From: The South Carolina Gazette and Public Advertise, 30 April 1785, 30 April 1785, Page 2, Column 2.

London, February 4th


February 3. Yesterday morning were executed pursuant to their sentence, from the platform erected before Newgate, the following convicts, viz. John Hamilton, William Astell, John Kelsey, William Finder, William Steward, and Melvin Simmonds, for different burglaries, and George Goldsmith, Richard Hobson, Lawrence Hall, and John Jones, for a burglary at the Black Dog in Shoreditch; Edward Johnson and John Evans, for private stealing in seperate dwelling-houses; James Dunn for publishing a forged seaman's will; William Abbott, for publishing a counterfeit bill of sale, with intent to defraud the owners of the Warren Hastings East-Indiaman; Allen Williams for assaulting a robbing a passenger at Shephard's Bluff, and John Shaw, Tabos, George Harris, Thomas Buttledore, and John Moodie for assaulting Thomas Francis, near Bagnigge Wells, and robbing him of some glais drops, a knife, and some money. They all appeared to die sincerely penitent, and deeply impressed with the awful change they were about to experience. They concourse of people was much greater than is remembered in the same neighborhood on any occasion whatever; the passage from Newgate street to Snow-Hill, as well as that of Ludgate-hill, was entirely stopped, both to foot passengers and carriages. Several persons were forced down, and trampled upon by the crowd, and it is supposed many of them are dangerously hurt.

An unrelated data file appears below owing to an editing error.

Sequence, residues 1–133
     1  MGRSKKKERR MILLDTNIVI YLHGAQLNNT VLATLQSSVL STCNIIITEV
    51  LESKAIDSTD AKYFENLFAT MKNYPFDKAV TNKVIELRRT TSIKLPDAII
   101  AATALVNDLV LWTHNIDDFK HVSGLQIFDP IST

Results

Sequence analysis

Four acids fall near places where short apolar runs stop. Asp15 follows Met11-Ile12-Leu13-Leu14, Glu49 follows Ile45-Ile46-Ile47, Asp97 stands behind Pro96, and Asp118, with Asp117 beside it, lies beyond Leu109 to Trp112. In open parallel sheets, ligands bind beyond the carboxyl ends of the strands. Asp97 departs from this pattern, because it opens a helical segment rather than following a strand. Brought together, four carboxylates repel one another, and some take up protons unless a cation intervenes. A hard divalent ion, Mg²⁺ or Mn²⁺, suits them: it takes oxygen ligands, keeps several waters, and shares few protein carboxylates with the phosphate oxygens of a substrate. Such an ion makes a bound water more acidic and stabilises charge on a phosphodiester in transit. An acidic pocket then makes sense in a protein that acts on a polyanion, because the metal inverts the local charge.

The oldest of the poor wretches were not more than 30 years of age. Three of them were Roman Catholics; they all behaved as became their unfortunate situation. They were turned off about ten minutes before nine, and were attended by the two Under Sheriffs. So great a number have not been executed at one time since the year 1740, when Jenny Diver and twenty others were executed.